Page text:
[Editor’s Note: This article was originally published as part of the 2019 NAPHN Policy Resource Guide, release at its 2019 conference. Registration for this year’s NAPHN conference, PASSIVE HOUSE 2020, opens March 2.]
Between 2014–2016, the New York State Energy Research and Development Authority (NYSERDA) initiated a workforce training and development program focused on subsidizing courses to promote a broad array of skills and services related to improving building energy efficiency. They contracted directly with fifty training providers who offered various specialty courses. Of the 20,407 people trained via this program, 571 of them received approximately $500 each in grant funding to directly offset tuition costs payable towards a Certified Passive House Designer or Consultant (CPHD/C) course or Passive House-specialty trainings. These typically cost ~$1,750 per student without the exam. This grant provided sufficient incentive to commit to taking the eight-day course and helped build a critical mass of trained professionals.
Funding for this program was depleted over two years, but it generated enough momentum to help drive early Passive House adoption in New York City. This momentum continued and has enabled NAPHN to fill the CPHD course in New York City for the past two years, further increasing local professional capacity and expertise. Evidence to suggest this grant built sufficient professional capacity was demonstrated in May 2016, via a Request For Proposal (RFP) issued by the City of New York for an affordable housing development of an entire city block. The RFP included a requirement that the delivered project meet Passive House standards. Including Passive House in the RFP would not have been possible without a sufficient number of local professionals who were adequately trained and qualified to deliver this requirement.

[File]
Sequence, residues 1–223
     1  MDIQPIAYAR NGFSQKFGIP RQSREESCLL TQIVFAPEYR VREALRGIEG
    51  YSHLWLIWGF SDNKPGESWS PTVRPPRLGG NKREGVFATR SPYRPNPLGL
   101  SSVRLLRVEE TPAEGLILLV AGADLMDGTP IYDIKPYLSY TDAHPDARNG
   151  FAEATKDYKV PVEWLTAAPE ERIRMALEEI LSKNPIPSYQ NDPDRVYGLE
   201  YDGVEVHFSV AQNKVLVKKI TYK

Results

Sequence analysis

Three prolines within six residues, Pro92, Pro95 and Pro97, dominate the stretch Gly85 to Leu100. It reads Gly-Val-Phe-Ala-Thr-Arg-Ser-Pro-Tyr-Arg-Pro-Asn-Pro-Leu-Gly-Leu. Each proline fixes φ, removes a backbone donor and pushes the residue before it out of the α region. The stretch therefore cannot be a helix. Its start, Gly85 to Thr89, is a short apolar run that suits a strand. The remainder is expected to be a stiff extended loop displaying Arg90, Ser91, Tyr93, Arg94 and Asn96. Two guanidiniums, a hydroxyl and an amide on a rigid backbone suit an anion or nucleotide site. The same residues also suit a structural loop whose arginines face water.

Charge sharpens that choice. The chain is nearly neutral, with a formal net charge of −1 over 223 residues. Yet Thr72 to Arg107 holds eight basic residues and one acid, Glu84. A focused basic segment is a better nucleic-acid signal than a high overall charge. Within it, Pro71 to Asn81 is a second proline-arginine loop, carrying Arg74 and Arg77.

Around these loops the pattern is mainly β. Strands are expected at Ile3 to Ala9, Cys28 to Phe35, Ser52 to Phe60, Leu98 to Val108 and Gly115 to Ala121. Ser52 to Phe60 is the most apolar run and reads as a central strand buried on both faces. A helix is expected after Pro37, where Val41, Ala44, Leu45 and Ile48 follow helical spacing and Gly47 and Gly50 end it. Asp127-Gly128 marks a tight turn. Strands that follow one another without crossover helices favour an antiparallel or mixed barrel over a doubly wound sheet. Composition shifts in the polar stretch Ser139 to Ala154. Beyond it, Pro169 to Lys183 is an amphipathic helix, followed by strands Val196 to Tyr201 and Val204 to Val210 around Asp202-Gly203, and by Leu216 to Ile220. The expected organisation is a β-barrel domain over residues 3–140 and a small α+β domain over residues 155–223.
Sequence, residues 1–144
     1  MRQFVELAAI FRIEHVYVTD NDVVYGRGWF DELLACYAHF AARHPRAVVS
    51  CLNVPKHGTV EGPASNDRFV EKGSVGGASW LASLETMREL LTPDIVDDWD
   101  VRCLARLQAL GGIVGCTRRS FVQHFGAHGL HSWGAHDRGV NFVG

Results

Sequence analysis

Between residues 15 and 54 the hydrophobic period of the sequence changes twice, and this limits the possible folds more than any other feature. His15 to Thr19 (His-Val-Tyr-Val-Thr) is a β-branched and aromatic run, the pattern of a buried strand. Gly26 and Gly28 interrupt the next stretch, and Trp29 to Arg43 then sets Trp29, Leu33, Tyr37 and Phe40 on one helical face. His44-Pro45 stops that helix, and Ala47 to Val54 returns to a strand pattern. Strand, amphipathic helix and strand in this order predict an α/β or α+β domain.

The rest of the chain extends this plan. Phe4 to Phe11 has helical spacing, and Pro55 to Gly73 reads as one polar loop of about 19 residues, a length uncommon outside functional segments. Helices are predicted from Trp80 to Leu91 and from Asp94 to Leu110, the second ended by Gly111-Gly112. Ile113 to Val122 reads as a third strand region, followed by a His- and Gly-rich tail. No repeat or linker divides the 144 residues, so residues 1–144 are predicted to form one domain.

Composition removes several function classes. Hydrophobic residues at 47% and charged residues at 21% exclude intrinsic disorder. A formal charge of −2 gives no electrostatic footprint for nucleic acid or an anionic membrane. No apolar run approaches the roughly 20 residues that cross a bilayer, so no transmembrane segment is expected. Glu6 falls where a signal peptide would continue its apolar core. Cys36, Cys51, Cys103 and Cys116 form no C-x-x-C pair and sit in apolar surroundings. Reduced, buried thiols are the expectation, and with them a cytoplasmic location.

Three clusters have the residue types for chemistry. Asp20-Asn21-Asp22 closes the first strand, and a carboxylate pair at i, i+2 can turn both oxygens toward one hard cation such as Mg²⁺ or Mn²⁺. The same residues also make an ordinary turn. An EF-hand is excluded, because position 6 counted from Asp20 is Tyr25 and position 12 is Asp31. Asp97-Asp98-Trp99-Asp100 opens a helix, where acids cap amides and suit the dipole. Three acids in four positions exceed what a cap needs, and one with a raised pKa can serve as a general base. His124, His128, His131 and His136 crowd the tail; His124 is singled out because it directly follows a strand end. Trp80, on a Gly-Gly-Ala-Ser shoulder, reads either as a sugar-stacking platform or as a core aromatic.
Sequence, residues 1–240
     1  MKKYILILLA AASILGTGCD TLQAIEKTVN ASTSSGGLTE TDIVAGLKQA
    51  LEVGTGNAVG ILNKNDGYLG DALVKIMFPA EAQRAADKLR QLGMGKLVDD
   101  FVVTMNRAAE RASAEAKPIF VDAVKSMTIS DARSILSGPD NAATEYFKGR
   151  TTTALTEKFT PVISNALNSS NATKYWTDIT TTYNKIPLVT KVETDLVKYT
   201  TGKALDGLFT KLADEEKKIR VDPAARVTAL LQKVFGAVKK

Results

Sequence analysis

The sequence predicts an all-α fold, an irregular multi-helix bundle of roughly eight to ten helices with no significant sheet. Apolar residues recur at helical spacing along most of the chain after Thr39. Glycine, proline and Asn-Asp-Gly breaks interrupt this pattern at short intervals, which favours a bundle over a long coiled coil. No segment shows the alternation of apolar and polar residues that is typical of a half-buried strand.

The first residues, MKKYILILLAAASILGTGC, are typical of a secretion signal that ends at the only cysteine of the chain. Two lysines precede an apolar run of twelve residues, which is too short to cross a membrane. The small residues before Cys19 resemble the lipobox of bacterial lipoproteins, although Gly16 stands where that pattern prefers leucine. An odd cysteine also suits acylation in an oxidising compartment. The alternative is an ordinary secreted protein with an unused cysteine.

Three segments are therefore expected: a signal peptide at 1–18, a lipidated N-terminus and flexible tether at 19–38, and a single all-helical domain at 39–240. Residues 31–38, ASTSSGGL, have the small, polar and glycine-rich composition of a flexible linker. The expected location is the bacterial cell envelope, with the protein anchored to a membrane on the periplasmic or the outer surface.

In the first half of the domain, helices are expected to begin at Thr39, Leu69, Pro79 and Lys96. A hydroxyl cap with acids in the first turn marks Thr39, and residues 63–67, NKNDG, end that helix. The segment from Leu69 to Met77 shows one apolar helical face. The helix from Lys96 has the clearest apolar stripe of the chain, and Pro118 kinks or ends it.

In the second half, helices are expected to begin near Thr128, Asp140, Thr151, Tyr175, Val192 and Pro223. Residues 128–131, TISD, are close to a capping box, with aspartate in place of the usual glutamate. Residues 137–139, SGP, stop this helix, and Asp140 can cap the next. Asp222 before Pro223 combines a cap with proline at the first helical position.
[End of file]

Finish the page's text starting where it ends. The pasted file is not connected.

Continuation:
Published data collected in June 2017, recording the location of all Passive House professionals in North America, identified New York and British Columbia as the two North American regions that host the greatest number of trained Certified Passive House professionals. Not surprisingly, these two regions are leading the uptake of Passive House development in North America.
Grant subsidy programs for professional training were offered in both New York and Vancouver. We can therefore conclude that subsidizing professional training accelerates Passive House adoption and implementation.
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